PowerShift: From Isolated Movements to Transformative Change

By Peters, Tasha | Canadian Dimension, November-December 2012 | Go to article overview

PowerShift: From Isolated Movements to Transformative Change


Peters, Tasha, Canadian Dimension


IN FEBRUARY, organizers involved with unions, environmental groups, Indigenous groups, the student movement, faith communities and independent media gathered in a small meeting room in downtown Ottawa while another handful of organizers from across the country connected in over the phone. Despite their diverse backgrounds, they, all of whom are under the age of 30, had a common vision of building "an environmental and climate justice movement that can transform our society, so that our future can be enjoyed by everyone, not only those who can afford it." It was from this vision that they laid the groundwork for PowerShift 2032.

PowerShift, which took place in Ottawa and Gatineau on October 26-29, is a convergence of passionate youth from across the country to explore multiple ways of taking action. Ever since that meeting in February, more and more youth who were already mobilizing in their communities and who are new to organizing have joined together to make it happen. The weekend included workshops and panels with topics as diverse as "Energy Workers' Vision for a Just and Sustainable Future," "Migration and Climate Justice," and "Mobilizing Faith-Based Communities to Action."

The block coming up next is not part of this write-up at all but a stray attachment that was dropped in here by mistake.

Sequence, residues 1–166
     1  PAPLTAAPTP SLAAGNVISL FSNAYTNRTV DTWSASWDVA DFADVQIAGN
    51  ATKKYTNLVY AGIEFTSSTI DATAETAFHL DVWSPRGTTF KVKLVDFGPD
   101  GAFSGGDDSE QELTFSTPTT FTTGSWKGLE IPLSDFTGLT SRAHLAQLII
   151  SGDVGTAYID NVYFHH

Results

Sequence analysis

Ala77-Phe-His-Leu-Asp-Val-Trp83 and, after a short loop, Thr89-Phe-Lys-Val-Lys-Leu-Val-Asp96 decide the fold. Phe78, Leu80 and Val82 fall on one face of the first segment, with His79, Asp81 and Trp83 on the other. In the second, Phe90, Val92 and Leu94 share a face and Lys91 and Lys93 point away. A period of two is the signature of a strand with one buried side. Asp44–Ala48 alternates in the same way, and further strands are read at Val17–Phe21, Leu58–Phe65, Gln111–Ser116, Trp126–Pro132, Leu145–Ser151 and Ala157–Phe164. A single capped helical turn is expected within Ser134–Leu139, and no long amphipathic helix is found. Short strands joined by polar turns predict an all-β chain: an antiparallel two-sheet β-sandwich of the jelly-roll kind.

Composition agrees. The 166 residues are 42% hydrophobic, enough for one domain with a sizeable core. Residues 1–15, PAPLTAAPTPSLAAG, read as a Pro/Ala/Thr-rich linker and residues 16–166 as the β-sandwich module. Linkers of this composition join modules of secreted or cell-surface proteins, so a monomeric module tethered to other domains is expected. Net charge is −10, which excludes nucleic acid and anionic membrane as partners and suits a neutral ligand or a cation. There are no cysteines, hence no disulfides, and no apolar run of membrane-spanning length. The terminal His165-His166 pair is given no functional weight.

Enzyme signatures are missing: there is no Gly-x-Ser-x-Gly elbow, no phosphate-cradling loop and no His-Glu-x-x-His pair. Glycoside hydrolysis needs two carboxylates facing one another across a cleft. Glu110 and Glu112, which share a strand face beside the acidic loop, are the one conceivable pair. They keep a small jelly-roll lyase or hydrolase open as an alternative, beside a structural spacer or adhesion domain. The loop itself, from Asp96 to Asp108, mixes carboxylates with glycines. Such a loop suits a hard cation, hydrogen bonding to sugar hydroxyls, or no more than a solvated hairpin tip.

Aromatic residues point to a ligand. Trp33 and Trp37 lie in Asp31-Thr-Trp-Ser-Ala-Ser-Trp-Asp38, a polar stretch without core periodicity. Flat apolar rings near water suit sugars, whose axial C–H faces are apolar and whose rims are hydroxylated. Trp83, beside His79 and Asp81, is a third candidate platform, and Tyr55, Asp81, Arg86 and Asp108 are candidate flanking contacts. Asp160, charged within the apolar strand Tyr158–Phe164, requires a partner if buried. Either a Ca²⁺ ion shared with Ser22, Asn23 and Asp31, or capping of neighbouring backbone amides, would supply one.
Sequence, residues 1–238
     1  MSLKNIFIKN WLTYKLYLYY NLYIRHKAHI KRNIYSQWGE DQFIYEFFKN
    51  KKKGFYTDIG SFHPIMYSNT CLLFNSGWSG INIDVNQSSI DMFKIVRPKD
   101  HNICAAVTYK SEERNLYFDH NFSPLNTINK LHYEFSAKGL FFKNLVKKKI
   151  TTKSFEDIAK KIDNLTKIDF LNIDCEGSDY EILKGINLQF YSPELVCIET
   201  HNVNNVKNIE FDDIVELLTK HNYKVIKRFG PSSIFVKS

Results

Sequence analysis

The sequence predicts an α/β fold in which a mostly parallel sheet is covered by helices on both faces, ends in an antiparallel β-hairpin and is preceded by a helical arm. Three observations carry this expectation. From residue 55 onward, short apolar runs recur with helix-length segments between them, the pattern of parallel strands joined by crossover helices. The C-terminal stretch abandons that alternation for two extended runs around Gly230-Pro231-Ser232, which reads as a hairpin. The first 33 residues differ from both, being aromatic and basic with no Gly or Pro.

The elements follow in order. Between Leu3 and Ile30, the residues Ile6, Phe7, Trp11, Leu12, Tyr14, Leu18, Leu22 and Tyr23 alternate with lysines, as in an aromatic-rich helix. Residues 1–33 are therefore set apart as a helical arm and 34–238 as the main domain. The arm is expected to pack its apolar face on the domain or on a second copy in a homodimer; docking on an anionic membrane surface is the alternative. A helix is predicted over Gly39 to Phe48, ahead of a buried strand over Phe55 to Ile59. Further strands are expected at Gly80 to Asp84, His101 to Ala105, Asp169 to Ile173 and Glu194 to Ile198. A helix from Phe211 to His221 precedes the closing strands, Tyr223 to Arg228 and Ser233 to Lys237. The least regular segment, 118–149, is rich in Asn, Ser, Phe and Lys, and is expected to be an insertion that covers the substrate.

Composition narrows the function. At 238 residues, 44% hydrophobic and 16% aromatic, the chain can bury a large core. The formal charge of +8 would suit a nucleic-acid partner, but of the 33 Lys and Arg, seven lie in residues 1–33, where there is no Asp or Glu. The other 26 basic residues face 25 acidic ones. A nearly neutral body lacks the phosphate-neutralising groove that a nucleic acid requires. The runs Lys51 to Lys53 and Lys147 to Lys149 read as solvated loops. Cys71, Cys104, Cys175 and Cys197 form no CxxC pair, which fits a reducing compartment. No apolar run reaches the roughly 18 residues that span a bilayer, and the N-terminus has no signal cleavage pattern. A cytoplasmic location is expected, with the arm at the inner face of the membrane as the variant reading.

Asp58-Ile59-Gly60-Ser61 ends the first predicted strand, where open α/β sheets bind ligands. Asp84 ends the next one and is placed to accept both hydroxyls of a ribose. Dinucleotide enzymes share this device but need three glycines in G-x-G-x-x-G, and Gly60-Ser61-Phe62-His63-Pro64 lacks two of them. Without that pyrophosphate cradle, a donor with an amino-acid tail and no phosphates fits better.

Ben Powless was involved in planning Canada's first PowerShift in 2009, and was amongst the group defining the vision for this year's gathering. Ben articulates why many youth find PowerShift 2012'S goal of climate justice, which is more than just stopping climate change, to be key. "Climate justice is ... perhaps something unique to my generation. The linking of environment to social justice is a relatively new phenomenon, a pretty substantial shift from the environmentalism of the 60s and 70s. It is an attempt to bring in an understanding of how factors such as poverty, race, gender, colonialism, even capitalism and democracy, are very much intertwined with environmental issues and vice versa." Ben, who is also an organizer with the Indigenous Environmental Network, went on to say, "Personally I think a big issue is linking Indigenous struggles for sovereignty and human rights, which has a huge overlap with environmental justice. …

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